No, it's higher than that, but DC is about to get much worse as they're taking on a $3B improvement program for their infrastructure.

    Of course, now that they know they have not only lead contaminated Astroturf but also arsenic in their natural grass playing fields, maybe the cost will go higher still.

  • ||

    provided the money does not come from the existing public school budget.

    On a related note, I am in favor of having a Porche as long as it does not in any way affect my ability to pay for my Saturn.

  • ||

    I don't mind paying extra at the post office to use kiosks. It is much more convenient and I DO NOT WANT to see or deal with postal employees.

    I also choose to use grocery stores ( plus hardware and other stores) that use self-checkout. Again, it makes a much better shopping experience.

    I would gladly pay more for education if it means less/no teachers ( who pretty much serve the same purpose as a cashier).

  • ||

    Public school teachers aren't bad people, they're just not very bright. They want complete control over every aspect of the school, including pay, hours, number of children per teacher, school building projects, etc.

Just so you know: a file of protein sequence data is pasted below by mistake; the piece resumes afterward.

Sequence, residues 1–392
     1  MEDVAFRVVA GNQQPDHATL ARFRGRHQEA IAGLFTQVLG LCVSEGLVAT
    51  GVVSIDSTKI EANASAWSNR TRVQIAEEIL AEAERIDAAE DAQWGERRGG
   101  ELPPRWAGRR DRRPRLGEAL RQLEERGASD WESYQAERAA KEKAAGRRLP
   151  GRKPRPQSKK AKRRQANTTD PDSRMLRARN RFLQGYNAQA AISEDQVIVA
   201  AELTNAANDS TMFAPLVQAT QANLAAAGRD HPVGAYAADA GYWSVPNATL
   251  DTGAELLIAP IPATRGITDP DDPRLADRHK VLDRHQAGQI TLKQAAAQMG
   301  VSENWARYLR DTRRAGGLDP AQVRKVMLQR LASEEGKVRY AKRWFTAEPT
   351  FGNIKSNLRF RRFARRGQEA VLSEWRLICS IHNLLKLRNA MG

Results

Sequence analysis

Example:
    They generally agree that teachers need to be paid more because it's better for children because you get better qualified people applying to be teachers. Oh but heavens, keep us tenured people on but give us the same pay increase, even if there is someone better than us who would take the job.

    Disclosure: My mom is a school teacher.

  • guy in the back row||

    It really screwed the country in unexpected ways when women were allowed to work in every profession. Up to the 1970s, you basically had restricted the top IQ members of half the population to either teaching or nursing. By allowing them to become doctors, CEOs, or whatever else they wanted, we got the bottom of the barrel for teachers and nursing, while costs shot way up.

    I thinks it's getting better.

  • they\'re harder but also worth||

    $74 million will only support about 5,000 students. Once they leave public schools will apply for a tax increase, claiming that the remaining students will be the hard-to-teach ones.

    The ones left will be the harder to teach ones, generally speaking. However, that doesn't justify a tax increase.

    Public school will become a school of last resort for students with family/behavior/fill in the blank problems. Maybe that does cost more money. That doesn't bother me. Let the easy to educate kids make up the difference and it should work out.